Like every other organization in baseball, the Pittsburgh Pirates sent seven prospects to the Arizona Fall League. Like most of them, they saw mixed results from the group they sent.
Kyle Kaminska was sent to the AFL so the Pirates could get a better feel for what they had in the 24-year-old right-hander. They acquired him in a mid-season trade with the Miami Marlins, and he only made four starts after joining the organization. If the Pirates want to retain him for next season, they will have to protect him on the 40-man roster, and the organization wanted to be sure they knew what they were getting into before using up a valuable roster spot. If his performance in the AFL is any indicaiton, Kaminska should be a Pirate for a few more years.
Kaminska made six starts this fall, going 3-1 with a 1.61 ERA. He struck out 21 batters in 28 innings while walking just four. He’s not a power pitcher, but he does typically have this type of good command. While there’s no guarantee that his fall performance will win him a spot on the 40-man roster, it’s hard to imagine he could have pitched much better, and if the Pirates don’t elect to protect him, you’ll have to wonder why they bothered to use a spot in the AFL on him.
If Kaminska was at the top of the Pirates 2012 AFL class, Victor Black was at the bottom. The relief prospect once again struggled with his control, walking 11 batters in 10 2/3 innings and sporting an 11.81 ERA. Black will continue to get chance after chance because of his power arm, but if he doesn’t get his fastball under control, he’ll never be able to use it properly.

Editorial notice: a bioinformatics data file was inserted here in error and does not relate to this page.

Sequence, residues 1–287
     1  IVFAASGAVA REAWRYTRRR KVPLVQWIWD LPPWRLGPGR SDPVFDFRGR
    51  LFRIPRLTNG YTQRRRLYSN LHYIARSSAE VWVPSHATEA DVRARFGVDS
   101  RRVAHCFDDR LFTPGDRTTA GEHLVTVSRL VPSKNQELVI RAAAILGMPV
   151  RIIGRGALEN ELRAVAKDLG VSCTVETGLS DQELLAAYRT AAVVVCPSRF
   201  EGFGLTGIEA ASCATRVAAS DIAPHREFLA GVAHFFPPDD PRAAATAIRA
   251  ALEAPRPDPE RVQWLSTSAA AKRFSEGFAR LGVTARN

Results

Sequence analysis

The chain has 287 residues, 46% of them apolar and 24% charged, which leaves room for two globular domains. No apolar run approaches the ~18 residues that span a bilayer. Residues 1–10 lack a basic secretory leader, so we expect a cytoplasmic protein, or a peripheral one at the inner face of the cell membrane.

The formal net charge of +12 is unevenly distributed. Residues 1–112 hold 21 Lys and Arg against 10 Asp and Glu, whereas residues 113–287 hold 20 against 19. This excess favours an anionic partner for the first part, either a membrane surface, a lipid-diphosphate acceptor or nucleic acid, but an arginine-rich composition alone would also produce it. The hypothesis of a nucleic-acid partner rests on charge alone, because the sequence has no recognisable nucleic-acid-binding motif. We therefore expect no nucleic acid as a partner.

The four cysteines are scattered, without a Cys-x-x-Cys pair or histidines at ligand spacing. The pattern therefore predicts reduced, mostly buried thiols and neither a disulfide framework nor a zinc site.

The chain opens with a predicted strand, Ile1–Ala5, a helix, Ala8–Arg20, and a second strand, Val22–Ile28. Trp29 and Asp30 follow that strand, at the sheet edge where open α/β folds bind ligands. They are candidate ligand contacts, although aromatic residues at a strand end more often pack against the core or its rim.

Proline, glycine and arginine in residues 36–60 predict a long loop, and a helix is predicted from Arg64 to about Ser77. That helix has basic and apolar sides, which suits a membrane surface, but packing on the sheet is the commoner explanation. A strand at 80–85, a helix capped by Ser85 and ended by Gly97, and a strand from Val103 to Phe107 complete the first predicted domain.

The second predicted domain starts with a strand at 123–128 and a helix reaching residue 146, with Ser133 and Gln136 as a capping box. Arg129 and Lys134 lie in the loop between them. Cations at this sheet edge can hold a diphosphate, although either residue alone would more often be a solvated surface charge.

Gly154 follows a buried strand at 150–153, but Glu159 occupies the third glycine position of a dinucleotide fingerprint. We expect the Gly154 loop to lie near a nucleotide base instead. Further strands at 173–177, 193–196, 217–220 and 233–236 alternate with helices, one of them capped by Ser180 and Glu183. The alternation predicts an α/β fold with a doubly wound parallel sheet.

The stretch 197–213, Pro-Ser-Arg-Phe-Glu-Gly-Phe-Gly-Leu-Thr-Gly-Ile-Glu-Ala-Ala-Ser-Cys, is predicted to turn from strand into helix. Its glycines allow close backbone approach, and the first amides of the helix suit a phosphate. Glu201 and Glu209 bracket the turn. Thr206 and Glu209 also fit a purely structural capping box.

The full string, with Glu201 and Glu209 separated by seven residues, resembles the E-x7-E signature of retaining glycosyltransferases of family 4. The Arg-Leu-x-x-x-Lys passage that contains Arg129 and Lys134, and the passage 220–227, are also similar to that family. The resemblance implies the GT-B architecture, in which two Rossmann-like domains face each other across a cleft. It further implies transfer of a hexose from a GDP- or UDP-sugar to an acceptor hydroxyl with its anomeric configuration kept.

Tyler Waldron was also used in relief in the AFL and fared better than Black. Like Kaminska, Waldron doesn’t miss many bats either, but in the AFL, he posted a 3.14 ERA over 14 1/3 innings. He was used as a starter during the regular season and that will likely stay the same next year, but he may have more success down the road in a relief role where his stuff will play up.
Lastly on the mound for the Pirates was Brandon Cumpton, who also worked in relief and threw 14 innings. He managed to post a (statistically-fortunate) 2.57 ERA despite walking seven batters in 14 innings and striking out just six.
At the plate, the Pirates prospects saw mixed results as well. Matt Curry has always hit, but the Pirates were hoping to see more power, especially in the hitter-friendly AFL. Curry hit .253/.366/.342 in the AFL with just one home run in 23 games. As a first baseman, the Pirates need more power production out of Curry.
The Pirates will take any offensive production they can get from shortstop prospect Gift Ngoepe, who hit just .232 during the regular season and .261 in the AFL. He does do a decent job of drawing walks and getting on base without hitting his way on, and he continued that, drawing seven walks in 16 games for a .370 on-base percentage. Ngoepe will always be a defense-first shortstop, but if he can hit even a little bit he could work his way into the Pirates future.
Lastly, outfield prospect Adalberto Santos continued his on-base prowess in the AFL that made him a valuable prospect during the regular season. In 21 fall games, Santos hit .299/.413/.455 with as many walks as strikeouts and nine stolen bases in ten attempts. The AFL allowed him to make up for time missed this season and Santos took advantage.